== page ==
Accurately predicting the generation of a solar plant over its operational life is another key input to the project revenue stream that affects the cost of finance. Improvements in weather forecasting, and increasing the accuracy and resolution of global historical weather datasets, is helping to reduce the uncertainty in solar availability for new and existing sites. Software and algorithms for predicting the lifetime energy production of different PV power plants are also continuing to develop both in terms of sophistication and the degree of field validation.

Several energy prediction software tools are now incorporating modelling of the shift in the solar spectrum that occurs due to changes in atmospheric conditions with factors such as humidity and air mass. First Solar has made contributions to the scientific body of knowledge through its R&D program via publishing its research and developing in-house software tools to assist the industry. As the solar industry is able to reduce the uncertainty of projected PV energy production, lenders can increase confidence levels that project revenues will be sufficient to pay down the loan and offer improved financing conditions.

Finally, a stable policy environment where there is confidence in existing frameworks supporting the deployment of renewables is crucial. Both actual policy change and the likelihood of change increase the risk lenders associate with a project because of the potential impact on the project’s financial model. Policy stability at both a federal and state level is therefore essential to help ensure Australia has a competitive cost of finance for large-scale solar.

Sharing the knowledge

R&D across the entire large-scale solar supply chain generates key learnings that can be shared with the wider renewable energy community, allowing other organisations to boost the efficiencies of their own projects; thus driving the industry towards the RET at a faster rate. An example of this is the University of Queensland’s PV research facility at Gatton, which is helping to understand the cost efficiencies of different thin-film PV solar technologies. The facility has been in operation for almost 18 months, and the results to date highlight the impressive performance of the thin-film PV single-axis tracking array. The industry is increasingly deploying single-axis tracking technology in large-scale solar projects, where the incremental cost of the tracking components is more than offset by the improved energy output, delivering a better revenue profile over the lifetime of the project.

Furthermore, the knowledge-sharing program under ARENA-funded projects will help improve the process for integration of solar energy into the Australian electricity grid, reducing development costs and paving the way for future large-scale solar systems to be connected. These learnings are being disseminated to those in the industry — researchers, utilities, investors and governments — and are accelerating the improvement of the integration of solar energy into the electricity grid from both an engineering and economic perspective.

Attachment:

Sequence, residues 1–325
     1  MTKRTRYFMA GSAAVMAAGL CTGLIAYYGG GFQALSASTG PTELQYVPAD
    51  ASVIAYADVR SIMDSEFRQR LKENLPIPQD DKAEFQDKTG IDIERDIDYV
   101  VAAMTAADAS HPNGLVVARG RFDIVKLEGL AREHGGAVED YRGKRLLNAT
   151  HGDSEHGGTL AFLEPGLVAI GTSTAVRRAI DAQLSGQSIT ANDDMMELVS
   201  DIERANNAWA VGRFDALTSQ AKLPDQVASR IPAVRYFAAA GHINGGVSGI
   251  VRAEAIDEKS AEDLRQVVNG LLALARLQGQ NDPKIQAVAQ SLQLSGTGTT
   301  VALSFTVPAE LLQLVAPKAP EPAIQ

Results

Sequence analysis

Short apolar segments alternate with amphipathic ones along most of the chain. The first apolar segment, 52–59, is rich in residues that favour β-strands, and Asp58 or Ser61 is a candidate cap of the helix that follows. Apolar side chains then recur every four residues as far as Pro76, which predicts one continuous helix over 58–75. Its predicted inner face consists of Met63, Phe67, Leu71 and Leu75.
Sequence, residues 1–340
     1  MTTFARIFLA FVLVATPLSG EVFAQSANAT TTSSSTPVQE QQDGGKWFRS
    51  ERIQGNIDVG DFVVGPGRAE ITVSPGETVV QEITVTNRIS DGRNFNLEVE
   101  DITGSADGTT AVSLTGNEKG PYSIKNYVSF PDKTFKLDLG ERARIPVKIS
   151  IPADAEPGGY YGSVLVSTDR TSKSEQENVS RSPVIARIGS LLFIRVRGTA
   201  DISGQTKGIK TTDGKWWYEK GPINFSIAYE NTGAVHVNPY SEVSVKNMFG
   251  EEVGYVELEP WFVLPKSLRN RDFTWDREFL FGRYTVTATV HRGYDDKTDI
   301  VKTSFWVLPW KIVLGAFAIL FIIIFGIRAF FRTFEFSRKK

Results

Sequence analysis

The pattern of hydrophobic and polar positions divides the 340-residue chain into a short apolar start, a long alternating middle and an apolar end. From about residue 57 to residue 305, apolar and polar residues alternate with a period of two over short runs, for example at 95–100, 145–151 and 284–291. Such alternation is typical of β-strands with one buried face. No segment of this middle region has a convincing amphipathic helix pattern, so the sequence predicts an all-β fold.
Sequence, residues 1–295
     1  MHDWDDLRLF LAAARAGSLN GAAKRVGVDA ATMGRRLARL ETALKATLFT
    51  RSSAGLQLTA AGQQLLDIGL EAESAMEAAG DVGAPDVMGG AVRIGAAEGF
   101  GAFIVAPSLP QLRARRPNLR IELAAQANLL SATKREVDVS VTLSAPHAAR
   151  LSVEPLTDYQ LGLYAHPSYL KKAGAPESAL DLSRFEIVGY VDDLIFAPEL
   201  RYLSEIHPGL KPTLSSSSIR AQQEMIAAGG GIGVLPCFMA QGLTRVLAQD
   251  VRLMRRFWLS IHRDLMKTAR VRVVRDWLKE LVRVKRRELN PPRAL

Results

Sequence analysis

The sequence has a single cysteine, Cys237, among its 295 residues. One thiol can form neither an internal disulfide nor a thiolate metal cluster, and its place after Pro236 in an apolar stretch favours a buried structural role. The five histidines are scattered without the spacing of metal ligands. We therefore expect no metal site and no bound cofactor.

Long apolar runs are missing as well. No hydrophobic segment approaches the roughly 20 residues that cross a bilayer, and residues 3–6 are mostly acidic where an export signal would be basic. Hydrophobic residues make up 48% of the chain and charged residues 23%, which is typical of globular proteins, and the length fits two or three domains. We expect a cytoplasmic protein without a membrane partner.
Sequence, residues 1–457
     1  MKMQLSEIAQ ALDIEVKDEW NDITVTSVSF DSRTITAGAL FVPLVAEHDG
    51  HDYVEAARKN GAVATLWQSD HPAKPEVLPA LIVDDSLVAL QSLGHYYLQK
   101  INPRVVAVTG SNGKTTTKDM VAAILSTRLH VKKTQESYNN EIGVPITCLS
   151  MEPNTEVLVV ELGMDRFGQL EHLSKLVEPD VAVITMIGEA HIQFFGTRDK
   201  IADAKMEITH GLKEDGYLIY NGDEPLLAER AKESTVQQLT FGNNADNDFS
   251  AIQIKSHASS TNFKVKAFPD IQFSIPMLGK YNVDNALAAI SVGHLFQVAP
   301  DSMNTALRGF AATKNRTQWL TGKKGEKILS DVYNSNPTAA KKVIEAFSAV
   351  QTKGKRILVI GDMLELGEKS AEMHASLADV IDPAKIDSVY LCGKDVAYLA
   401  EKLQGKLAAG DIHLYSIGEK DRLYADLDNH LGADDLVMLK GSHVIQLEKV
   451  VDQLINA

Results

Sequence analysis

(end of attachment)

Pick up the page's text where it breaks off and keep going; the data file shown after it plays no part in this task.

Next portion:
As a relatively young technology, it is also critical that the development of solar projects is informed by long-term operational data. As Australia’s first operational large-scale solar plant, the 10 MW (AC) Greenough River Solar Farm is the best source of long-term solar energy performance data in the country and provides the entire industry with a better understanding of how modules can be expected to react in the harsh Australian climate.

Future of the Australian solar industry

While investment in R&D is critical to the future of the Australian solar industry, so too is the knowledge gained through the construction and operation of large-scale, grid-connected solar power stations. First Solar has delivered approximately 70% of large-scale solar projects in operation, including Australia’s largest solar plants at Nyngan and Broken Hill. These projects are a clear demonstration of the greater role large-scale solar can play in meeting Australia’s electricity needs by creating confidence in the solar industry and informing the direction of future R&D.

A promising example of recent progress is the New South Wales Government’s planning approval for four new large-scale solar plants in the state which will potentially double the state’s existing capacity to over 400 MW. ARENA has also recently announced The Clean Energy Innovation Fund, which will allocate up to $100 million each year to commercialise innovative renewable energy projects.

Large-scale solar is rapidly approaching cost-parity with conventional fossil-fuel generators, and in selected markets this has already been achieved. As a developing solar industry, Australia’s solar potential will only be realised if further investment in research and project deployment is made to increase the competitiveness of the technology. Ongoing targeted support and policy stability will continue to foster an attractive environment for investment, improving the integration of solar into the overall energy mix and enabling large-scale solar to reach its full contribution potential to the RET.